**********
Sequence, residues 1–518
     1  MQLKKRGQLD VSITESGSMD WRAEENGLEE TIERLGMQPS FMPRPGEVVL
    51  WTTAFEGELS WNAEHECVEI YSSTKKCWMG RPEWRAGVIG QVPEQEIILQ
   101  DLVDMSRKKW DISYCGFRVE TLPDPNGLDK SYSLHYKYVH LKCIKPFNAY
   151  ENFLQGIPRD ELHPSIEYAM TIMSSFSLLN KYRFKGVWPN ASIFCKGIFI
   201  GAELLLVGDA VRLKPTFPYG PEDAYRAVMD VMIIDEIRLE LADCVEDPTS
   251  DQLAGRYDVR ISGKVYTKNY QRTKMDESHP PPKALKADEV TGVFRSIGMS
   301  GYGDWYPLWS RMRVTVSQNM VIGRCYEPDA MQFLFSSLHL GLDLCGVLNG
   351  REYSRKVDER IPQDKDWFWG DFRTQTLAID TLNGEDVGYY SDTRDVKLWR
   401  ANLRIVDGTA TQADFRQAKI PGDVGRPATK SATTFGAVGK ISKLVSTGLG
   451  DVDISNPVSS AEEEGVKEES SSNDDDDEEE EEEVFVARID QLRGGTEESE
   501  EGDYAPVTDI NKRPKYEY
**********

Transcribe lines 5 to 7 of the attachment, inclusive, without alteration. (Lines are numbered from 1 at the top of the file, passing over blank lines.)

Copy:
   151  ENFLQGIPRD ELHPSIEYAM TIMSSFSLLN KYRFKGVWPN ASIFCKGIFI
   201  GAELLLVGDA VRLKPTFPYG PEDAYRAVMD VMIIDEIRLE LADCVEDPTS
   251  DQLAGRYDVR ISGKVYTKNY QRTKMDESHP PPKALKADEV TGVFRSIGMS